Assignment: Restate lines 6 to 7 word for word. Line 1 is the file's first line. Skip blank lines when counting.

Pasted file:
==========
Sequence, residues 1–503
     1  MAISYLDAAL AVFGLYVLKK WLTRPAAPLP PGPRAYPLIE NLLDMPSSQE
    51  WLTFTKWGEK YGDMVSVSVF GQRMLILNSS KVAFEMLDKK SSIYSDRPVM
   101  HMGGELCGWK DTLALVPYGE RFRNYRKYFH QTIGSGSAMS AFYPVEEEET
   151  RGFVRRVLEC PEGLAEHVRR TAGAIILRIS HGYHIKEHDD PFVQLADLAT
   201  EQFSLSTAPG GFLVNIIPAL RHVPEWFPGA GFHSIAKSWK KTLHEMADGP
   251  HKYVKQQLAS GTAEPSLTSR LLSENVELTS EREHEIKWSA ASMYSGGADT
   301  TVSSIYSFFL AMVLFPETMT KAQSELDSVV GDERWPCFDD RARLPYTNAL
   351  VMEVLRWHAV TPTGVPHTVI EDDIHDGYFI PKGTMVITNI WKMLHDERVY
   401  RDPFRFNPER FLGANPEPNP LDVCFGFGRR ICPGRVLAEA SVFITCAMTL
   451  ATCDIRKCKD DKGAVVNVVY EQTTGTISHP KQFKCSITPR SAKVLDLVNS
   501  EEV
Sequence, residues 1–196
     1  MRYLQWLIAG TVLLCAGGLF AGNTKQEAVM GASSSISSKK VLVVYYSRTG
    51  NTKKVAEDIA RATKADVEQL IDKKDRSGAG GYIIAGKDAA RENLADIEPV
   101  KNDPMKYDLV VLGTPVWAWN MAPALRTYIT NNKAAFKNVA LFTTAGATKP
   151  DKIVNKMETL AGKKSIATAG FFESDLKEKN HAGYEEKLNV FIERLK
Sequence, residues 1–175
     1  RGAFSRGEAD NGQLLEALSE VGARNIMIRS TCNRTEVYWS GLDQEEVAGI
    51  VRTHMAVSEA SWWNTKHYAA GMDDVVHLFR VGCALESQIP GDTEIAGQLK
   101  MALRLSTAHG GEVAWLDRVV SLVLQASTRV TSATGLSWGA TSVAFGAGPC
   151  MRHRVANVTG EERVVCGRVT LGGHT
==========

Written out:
   201  EQFSLSTAPG GFLVNIIPAL RHVPEWFPGA GFHSIAKSWK KTLHEMADGP
   251  HKYVKQQLAS GTAEPSLTSR LLSENVELTS EREHEIKWSA ASMYSGGADT